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SAMSA: Authorities separate oil tankers “MT Lefkas”, “Umnenga II” in Algoa Bay oil spill incident

30 May 2022

The following is an announcement on Friday (27 May) published on the South African Maritime Safety Authority website informing the two oil tankers involved in an oil spill incident at Algoa Bay near Ngqurha on South Africa’s eastern seaboard have finally separated while the cause of the spill is still under investigation. 

Two oil tankers involved in an oil spill incident at Algoa Bay on South Africa’s eastern seaboard near Ngqurha have been finally separated, a few days after accidentally spilling oil at sea what conducting a ship-to-ship transfer about midday on Monday (23 May) this week.

Incident management authorities, the South African Maritime Safety Authority (SAMSA), Transnet National Ports Authority (TNPA) and the Department of Forestry, Fisheries and Environment (DFFE) said in a joint statement on Thursday afternoon that the cause of the oil spill was still under investigation.

Initially, the two vessels were kept side-to-side since the incident, in order to contain the spillage in their location, said the authorities. Now, with much of the oil around them collected from the waters, the authorities released the smaller tanker to sail back to the port of Port Elizabeth while the bigger one remained anchored offshore awaiting a berth at the port.

SAMSA: Authorities separate oil tankers “MT Lefkas”, “Umnenga II” in Algoa Bay oil spill incident

SAMSA, DFFE and Transnet said on Thursday: ” The investigation into the cause of the oil spill on Monday in Algoa Bay is continuing.”

“The clean-up and recovery of the spilled oil continued this morning (Thursday 26 May), (with) the recovery teams also continu(ing) with the aerial surveillance, using a drone and oil recovery boats.”

“The two (2) vessels involved were separated yesterday (25 May 2022) and the smaller vessel MT Lefkas has berthed at the port of Port Elizabeth and all the oiled equipment has been removed from the water thus posing no pollution threat to the port and its operations.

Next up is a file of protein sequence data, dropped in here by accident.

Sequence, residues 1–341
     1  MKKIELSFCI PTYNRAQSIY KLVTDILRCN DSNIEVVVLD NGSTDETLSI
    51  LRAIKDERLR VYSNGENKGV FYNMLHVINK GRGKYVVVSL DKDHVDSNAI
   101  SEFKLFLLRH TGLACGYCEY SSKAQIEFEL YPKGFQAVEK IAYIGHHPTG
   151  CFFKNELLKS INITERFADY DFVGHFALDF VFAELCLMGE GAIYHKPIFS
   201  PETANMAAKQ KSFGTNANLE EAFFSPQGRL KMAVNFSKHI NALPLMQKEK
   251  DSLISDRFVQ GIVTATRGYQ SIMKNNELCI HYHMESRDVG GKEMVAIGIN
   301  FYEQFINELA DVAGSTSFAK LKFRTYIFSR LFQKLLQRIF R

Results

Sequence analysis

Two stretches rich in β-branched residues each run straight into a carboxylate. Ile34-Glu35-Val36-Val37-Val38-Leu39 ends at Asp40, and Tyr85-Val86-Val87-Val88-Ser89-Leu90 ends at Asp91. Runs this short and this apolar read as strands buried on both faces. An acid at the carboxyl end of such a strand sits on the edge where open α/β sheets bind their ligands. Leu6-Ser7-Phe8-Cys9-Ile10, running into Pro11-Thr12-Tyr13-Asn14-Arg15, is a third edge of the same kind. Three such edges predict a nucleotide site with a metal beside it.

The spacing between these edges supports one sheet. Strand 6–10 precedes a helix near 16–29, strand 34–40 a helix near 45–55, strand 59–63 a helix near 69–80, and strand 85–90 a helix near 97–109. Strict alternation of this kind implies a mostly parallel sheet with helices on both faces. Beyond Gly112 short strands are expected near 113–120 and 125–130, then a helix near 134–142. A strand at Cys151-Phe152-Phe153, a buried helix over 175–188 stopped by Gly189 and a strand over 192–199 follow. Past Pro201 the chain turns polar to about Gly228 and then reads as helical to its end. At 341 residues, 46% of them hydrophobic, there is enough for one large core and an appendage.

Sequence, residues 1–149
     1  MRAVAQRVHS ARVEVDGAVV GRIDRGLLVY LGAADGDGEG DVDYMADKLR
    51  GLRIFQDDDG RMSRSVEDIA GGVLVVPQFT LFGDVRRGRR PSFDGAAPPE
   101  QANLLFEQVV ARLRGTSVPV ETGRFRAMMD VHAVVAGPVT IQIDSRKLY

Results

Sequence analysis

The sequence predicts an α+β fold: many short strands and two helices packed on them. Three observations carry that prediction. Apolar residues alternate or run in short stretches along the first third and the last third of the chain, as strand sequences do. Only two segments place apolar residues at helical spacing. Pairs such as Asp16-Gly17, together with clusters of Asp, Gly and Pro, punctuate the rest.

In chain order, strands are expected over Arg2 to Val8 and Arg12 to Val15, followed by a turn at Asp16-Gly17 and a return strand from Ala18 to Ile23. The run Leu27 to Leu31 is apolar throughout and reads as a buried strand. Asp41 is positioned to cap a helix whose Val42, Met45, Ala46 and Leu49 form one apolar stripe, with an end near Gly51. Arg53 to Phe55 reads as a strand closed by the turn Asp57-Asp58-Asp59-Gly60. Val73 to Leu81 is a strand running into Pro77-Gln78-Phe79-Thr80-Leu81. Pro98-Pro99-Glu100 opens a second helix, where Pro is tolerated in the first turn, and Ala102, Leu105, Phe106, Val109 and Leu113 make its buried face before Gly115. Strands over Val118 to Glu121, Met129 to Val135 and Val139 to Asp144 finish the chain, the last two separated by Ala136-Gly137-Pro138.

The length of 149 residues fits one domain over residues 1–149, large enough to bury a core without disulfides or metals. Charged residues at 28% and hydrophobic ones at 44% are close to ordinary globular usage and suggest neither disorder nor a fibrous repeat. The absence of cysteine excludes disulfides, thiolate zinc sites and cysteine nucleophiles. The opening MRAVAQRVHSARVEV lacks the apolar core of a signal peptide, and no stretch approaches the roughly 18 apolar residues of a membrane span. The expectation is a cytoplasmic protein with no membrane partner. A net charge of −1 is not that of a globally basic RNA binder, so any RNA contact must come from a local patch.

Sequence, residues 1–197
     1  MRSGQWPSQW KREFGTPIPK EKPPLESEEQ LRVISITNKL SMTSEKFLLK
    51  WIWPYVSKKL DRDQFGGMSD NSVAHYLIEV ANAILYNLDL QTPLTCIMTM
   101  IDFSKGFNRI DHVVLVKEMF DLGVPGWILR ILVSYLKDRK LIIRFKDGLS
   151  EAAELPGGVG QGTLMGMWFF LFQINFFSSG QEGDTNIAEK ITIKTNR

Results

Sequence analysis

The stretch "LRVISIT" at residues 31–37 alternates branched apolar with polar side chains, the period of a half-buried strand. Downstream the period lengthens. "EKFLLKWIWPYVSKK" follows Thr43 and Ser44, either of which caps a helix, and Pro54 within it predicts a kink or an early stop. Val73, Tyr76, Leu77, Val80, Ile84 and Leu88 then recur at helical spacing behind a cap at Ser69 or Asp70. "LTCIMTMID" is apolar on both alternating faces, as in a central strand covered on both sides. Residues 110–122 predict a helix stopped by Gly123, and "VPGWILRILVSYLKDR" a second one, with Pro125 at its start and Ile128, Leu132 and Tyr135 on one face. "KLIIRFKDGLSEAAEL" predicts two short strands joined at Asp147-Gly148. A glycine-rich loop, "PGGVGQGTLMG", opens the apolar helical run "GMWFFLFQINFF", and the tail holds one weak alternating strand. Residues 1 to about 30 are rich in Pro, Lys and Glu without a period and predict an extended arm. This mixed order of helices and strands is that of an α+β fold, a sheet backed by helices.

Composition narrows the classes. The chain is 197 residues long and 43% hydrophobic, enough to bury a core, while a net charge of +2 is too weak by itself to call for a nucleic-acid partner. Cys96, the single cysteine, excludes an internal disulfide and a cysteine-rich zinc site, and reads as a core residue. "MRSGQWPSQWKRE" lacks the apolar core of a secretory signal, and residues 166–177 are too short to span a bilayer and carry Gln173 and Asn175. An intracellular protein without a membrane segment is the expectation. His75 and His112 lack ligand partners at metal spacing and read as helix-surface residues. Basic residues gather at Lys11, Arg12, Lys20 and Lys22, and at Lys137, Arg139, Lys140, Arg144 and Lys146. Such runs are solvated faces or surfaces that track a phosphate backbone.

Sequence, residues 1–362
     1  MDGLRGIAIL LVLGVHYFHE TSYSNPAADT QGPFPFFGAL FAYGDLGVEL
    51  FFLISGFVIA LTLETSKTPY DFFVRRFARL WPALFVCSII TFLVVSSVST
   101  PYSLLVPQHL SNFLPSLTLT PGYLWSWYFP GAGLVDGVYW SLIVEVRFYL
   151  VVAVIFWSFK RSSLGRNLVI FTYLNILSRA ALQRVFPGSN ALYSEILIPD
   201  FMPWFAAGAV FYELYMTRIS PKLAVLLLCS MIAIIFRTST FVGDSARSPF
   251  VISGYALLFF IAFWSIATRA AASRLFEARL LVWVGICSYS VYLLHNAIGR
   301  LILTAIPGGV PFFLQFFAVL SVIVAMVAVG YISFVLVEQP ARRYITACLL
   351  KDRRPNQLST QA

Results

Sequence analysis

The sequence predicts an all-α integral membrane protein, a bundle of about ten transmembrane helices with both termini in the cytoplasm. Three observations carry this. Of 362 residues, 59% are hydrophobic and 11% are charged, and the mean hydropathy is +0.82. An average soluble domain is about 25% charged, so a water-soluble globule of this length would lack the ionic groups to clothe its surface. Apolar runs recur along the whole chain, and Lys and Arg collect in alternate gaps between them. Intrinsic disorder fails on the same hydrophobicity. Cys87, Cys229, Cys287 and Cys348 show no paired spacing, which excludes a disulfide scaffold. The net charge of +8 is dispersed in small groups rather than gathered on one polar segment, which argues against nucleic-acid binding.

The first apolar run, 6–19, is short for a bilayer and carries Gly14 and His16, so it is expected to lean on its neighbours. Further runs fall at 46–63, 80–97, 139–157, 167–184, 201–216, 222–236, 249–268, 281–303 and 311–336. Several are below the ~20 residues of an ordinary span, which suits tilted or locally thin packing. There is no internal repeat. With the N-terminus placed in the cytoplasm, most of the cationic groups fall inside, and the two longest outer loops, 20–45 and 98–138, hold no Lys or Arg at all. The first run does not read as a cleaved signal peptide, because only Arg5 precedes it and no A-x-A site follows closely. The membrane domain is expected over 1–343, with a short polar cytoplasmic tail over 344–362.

“The motor tanker Umnenga II is not able to enter port yet due to the unavailability of a suitable berth.”

According to the authorities, “None of the oil has reached the beaches. Most of the oil was cleaned and there is no oil sheen visible on the waters.

They further indicated that boat patrols by SANParks “revealed no oil near the Algoa Bay Islands and no oiled birds were spotted.”

That nowithstanding, they urged members of the public to report oiled birds and wildlife to SANPARKS or SANCCOB Gqeberha at Cape Recife Nature Reserve on 063 942 4702, “but not to approach or try to capture the affected wildlife. Rangers will continue to monitor the Islands for oiled birds retuning from their feeding grounds in Algoa Bay.”

Meanwhile, their surveillance of the coastal areas as well as the ocean adjacent the oil spill incident was continuing.

SAMSA: Authorities separate oil tankers “MT Lefkas”, “Umnenga II” in Algoa Bay oil spill incident

SAMSA: Authorities separate oil tankers “MT Lefkas”, “Umnenga II” in Algoa Bay oil spill incident

“A fixed wing aircraft with the state-of-the-art oil sensing equipment has been charted from Cape Town to conduct a full search for any oil over the entire Algoa Bay area. The aircraft will use high-definition cameras and oil detection systems to complete a full aerial surveillance of the Algoa Bay area.

“If there is any oil spotted the aircraft will also complete live oil spill modelling to determine the direction of oil, however the authorities are optimistic that most of the oil has been recovered and only the vessel hull cleaning needs to be completed. The Environmental Protection Vessel , the Sarah Baartman, is on standby in Algoa Bay to assist with the clean-up operations,” they said.

They further confirmed that bunkering operations remain suspended.

Related: SAMSA: STS fuel transfers remain suspended in Algoa Bay, South Africa after oil spill incident

 

Photo credit: South African Maritime Safety Authority
Published: 30 May, 2022

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